California once accounted for more than half of all motion picture production in the United States, but production has shifted elsewhere in recent years, particularly in response to tax incentive programs. Competition comes not only from other states, but increasingly from other nations. The development of excellent production and post-production facilities in Canada, Australia, New Zealand, the United Kingdom and Germany is enabling a shift of work that was once done almost exclusively in California. All of these nations have attractive incentive programs.

    While relocation of production to London or Auckland may be more costly than filming in Albuquerque, tax credits combined with favorable exchange rates can make the move cost-effective, in particular for large budget productions that involve the construction of complex sets and filming for 12 months or longer.

    John Zabrucky, who founded Culver City-based Modern Props 32 years ago, said he is fighting runaway production not just because he is trying to save his business — he is also trying to save the film and television industry.  Modern Props’ 120,000-square-foot facility includes more than 70,000 props, including furniture, lighting and electronic equipment used in film and television productions.

    At a recent State Assembly hearing about runaway production, Modern Props Vice President Ken Sharp told lawmakers that, “the [film & television] industry is one of the last great industries we have left.  If we let it go, what will we have left?”  Sharp is increasingly frustrated at the “economic warfare” other states are waging against California.  “With tax incentives,” Sharp said, “these other states are trying buy our industry.”

    For Adam Goldberg, the creator of the Fox network’s television comedy “Breaking In,” which lasted only a year even the tax incentives weren’t enough to take him away form Culver City.

    “When we were deciding where to shoot, there was a version where we were going to shoot in Chicago,” Goldberg told Annenberg News. “We would have saved a little bit of money shooting there, but ultimately Sony was willing to produce on the Sony lot.”

    Creatively, working in L.A. was an advantage for Goldberg. 

    “For a comedy, I just thought the best thing was to keep it in L.A. so that we could be around the actors and have them a two-minute walk away,” said the producer.

    “Breaking In” was set against the backdrop of Culver City, where the Sony lot is situated. The show revolved around a new heist in every episode, and by setting it in Culver City, the producers could feature the town prominently, rather than making the location vague, as is done in many other television shows.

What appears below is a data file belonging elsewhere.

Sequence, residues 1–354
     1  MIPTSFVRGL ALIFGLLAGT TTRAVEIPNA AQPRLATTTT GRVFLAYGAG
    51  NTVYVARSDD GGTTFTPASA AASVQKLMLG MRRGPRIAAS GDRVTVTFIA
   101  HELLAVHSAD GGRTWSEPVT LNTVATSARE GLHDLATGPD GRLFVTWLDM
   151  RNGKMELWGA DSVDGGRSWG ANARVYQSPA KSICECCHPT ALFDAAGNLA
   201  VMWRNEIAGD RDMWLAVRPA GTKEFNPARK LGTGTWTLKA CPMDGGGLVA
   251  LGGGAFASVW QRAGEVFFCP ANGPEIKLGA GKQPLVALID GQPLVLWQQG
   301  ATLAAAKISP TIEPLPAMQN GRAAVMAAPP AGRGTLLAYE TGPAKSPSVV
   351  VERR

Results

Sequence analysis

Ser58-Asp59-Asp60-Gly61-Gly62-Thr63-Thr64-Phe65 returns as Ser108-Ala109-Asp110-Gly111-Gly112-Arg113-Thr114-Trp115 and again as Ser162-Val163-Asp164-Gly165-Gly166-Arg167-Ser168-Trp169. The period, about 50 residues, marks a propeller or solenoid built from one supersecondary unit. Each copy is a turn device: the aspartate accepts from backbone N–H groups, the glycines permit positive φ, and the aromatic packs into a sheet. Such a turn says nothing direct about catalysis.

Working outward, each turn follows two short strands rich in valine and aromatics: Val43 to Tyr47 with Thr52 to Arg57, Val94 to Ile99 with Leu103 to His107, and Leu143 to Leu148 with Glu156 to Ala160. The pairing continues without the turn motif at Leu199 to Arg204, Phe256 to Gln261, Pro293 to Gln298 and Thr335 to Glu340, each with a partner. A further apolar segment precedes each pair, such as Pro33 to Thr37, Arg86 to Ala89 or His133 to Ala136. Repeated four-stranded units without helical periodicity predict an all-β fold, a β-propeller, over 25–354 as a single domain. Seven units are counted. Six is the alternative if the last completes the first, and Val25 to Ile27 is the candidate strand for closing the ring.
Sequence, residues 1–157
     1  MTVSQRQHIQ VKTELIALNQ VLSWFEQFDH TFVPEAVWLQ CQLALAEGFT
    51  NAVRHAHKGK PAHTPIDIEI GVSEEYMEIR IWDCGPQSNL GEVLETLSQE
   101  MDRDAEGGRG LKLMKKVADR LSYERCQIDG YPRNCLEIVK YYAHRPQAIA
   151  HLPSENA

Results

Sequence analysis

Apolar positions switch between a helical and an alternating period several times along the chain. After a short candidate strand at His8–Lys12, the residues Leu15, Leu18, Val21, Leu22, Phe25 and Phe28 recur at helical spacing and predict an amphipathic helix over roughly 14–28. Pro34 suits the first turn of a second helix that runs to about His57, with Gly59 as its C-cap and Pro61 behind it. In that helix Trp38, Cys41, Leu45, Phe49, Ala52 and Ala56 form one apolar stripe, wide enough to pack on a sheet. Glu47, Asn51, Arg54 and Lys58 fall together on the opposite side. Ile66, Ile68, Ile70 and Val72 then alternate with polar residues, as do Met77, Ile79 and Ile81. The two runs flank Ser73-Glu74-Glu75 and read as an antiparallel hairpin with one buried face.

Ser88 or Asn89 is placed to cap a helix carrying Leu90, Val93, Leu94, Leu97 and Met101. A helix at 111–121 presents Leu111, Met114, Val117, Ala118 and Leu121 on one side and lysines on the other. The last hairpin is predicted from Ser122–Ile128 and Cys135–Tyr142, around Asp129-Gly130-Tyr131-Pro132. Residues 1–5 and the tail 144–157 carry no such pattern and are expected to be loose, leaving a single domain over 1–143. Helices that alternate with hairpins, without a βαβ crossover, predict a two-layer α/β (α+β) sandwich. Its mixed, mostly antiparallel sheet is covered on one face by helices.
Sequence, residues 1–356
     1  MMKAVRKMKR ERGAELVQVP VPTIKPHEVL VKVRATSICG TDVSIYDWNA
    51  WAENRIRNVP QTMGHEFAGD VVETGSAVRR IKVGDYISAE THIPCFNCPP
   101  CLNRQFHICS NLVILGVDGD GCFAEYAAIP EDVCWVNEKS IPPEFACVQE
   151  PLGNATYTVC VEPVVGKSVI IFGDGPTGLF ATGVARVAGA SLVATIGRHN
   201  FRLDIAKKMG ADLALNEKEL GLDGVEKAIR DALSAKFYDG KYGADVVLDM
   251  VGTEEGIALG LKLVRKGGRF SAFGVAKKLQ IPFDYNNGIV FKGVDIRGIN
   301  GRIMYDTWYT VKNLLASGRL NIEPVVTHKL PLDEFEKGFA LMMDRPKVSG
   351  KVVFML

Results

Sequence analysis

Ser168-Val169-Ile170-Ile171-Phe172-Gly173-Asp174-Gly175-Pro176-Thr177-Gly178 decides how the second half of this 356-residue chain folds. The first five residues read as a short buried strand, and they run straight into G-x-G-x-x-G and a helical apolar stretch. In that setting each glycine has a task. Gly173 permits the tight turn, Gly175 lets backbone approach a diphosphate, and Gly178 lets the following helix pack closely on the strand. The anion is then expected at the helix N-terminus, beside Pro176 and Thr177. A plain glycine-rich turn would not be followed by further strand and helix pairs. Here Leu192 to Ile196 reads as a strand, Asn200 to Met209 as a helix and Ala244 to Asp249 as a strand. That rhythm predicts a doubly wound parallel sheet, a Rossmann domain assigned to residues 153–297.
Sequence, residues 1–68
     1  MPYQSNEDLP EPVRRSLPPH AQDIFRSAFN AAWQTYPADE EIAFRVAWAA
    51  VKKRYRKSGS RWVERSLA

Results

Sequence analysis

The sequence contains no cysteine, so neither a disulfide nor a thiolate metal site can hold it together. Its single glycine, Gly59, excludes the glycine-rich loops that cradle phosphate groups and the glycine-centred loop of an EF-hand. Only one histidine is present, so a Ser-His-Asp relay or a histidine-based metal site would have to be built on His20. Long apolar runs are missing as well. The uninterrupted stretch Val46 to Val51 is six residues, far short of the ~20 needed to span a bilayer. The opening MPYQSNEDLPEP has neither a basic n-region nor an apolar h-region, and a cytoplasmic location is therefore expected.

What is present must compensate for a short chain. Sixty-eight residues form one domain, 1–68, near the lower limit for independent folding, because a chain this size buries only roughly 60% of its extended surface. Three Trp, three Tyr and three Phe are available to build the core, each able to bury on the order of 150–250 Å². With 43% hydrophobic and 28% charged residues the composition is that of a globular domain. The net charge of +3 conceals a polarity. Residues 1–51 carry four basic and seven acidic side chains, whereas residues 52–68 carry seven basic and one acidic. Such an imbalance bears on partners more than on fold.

“Anyone who lives in L.A. wants to shoot in L.A.,” said Goldberg. “It’s just a matter of whether they can afford to or not.”

    As for the City of Culver City, it is trying hard to make filming not only cost-effective, but also easy.

    “We really are trying to be progressive in helping companies film here in the city,” said Dan Hernandez, director of the city’s Parks, Recreation and Community Services Department. “I’ve gone out to meet with production companies to see what we can do to make it easier. A lot of other communities make them jump through hoops, but we’re trying to make it easy.”

    Hernandez said he and his staff routinely meet with production companies, both on the film and television side, to see how best to serve them and keep them coming back. In addition to Modern Family, the television show Rake recently filmed at Veterans Auditorium and numerous films, including Pirates of the Caribbean, have used the Culver City Plunge as a filming location. And while those productions are local, Hernandez said more and more production companies from out of town are seeking out Culver City.

    “It’s private shoots, independent films, commercials – not just Sony,” he said. “I think they come because we’re such a full-service agency and we have great locations. We have City Hall, city businesses, the pool, the auditorium, parks, even residential streets. We’re also very production-friendly – probably the most friendly city in all of L.A. County.”

    Hernandez said that reputation is no accident.

    “We constantly follow up with them,” he said. “We take the time to call them back and help them out whether they’re filming in our parks, at our pool or at City Hall. We try to leave a good taste in people’s mouths when they do business in Culver City.”

    And Williams said that is exactly what is happening.

    “We hear the production companies gripe sometimes that there’s a lot of red tape and bureaucracy in other places where they film, but Culver City does a good job with filming permits and such,” she said. “Of course, making the process easy for them is a good idea because making it easy entices them to film in the area, stay in the area and shop in the area. That’s good for everyone.”